On Peter Rabbit and Laughter

Last week, my friend E and her twins joined us for supper.  Aware that M liked red peppers, I sliced some up for her enjoyment.  She does like red peppers but she also had her way with the radishes.  When I expressed surprise, her mother explained that Peter Rabbit eats radishes.


That’s a girl after my own heart.

Her brother C was less interested in the veggies, though soon after this picture was made he discovered the spray bottle of water I use to keep the cats off the table.  He went to work on the task of squirting water with great concentration.


The twins are nearly three and their enjoyment and delight in the world is evident.  I love this age, a time when new discoveries are everywhere and laughter is frequent.  Toddlers don’t control the market on discoveries and laughter, but they yield to both far more often than stodgy grown ups manage.  We could learn a lesson or two from them.  

Monday, August 24, 2015

Garden Update: August 24

Just like that, the end of August is at hand.  At this point in the garden season, the dahlias are looking great.


There are tomatoes and basil on a weekly basis and when we eat them it tastes like summer.


My shady glen is still lovely to enjoy in the afternoon and the sight of my garden after a fresh watering still makes my heart happy.


Summer, I’m not quite ready to say goodbye.


Saturday, August 22, 2015

Goal-Setting


At the Nike outlet, I tried to purchase this shirt for JT.  However, as it was obvious that he would never achieve such an outrageous goal, the purchase was rejected.

Friday, August 21, 2015

Real Life Conversations with JT: Personal Grooming edition

The backstory:  Long ago we got over the "why should I bathe every day and use deodorant?" hump of adolescence.  But shaving has been a less easy transition.  By the end of the 8th grade, JT had reached a point where he needed to shave.  He didn’t have a full beard and once a week seemed to do the trick.  I’m not going to say he embraced this responsibility, as it was a reluctant transition.  The passage of time has increased his need to shave and these days, he probably should shave every other day.  Instead, he shaves very other week and in between his cheeks and upper lip are unevenly grizzled.  My suggestion that he looks sketchy and should shave more often has been rejected.  But baseball’s Coach Davey seems to have more influence.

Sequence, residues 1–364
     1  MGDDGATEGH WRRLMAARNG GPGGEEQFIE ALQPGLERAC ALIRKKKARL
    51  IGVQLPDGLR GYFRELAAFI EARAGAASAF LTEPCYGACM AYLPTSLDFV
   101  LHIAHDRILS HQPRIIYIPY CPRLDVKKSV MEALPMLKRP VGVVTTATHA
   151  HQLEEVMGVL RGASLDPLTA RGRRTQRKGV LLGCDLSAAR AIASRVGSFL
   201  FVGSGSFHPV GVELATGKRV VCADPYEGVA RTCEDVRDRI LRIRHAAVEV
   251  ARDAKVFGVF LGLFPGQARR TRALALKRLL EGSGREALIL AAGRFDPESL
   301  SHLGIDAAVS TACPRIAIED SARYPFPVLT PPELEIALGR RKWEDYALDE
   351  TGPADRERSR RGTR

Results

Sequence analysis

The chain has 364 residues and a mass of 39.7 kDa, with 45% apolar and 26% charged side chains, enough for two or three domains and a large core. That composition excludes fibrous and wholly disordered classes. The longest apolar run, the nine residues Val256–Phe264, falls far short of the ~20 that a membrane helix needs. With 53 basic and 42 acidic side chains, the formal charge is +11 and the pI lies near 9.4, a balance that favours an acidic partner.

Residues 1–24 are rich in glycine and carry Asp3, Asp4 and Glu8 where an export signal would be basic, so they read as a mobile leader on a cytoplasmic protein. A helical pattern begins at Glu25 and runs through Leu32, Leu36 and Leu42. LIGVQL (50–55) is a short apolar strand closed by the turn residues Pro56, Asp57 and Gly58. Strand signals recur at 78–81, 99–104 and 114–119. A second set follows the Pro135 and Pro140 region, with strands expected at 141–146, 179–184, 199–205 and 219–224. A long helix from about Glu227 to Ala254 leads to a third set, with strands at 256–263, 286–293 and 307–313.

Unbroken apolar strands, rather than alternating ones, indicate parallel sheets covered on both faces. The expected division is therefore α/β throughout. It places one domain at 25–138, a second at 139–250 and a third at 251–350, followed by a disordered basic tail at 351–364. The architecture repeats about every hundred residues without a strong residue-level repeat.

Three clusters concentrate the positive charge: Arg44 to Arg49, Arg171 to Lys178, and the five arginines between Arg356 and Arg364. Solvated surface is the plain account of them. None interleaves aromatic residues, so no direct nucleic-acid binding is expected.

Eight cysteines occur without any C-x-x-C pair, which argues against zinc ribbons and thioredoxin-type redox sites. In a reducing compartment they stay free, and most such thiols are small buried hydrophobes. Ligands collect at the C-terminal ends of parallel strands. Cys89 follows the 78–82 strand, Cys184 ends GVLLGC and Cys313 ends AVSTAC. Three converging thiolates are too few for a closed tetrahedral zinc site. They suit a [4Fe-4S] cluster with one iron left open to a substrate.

JT:  Coach Davey asked me if I was trying to grow a beard.  I said no and he said, “Oh.”  I think I need to shave more often.

Me:  I believe I have made a similar suggestion.

JT:  I’m gonna shave now.

Me:  Tell Coach Davey the check’s in the mail.

JT (laughing): Okay.

I think we call this progress.


Wednesday, August 19, 2015

Sophomoric

Today, JT starts practice for cross country season.  In a few more weeks, he’ll take a refashioned PSAT to practice for the revised SAT coming his way in less than two years.  A few days after that, he’ll start the Tenth Grade.

Gulp.

Five years ago, JT completed the Fourth Grade and prepared to head to Middle School.  On that day, I remember idly thinking that in eight years he would be leaving home for college.  Back then, eight years seemed like a lot of time.  Of course, the boy in my house in 2010 looked like this.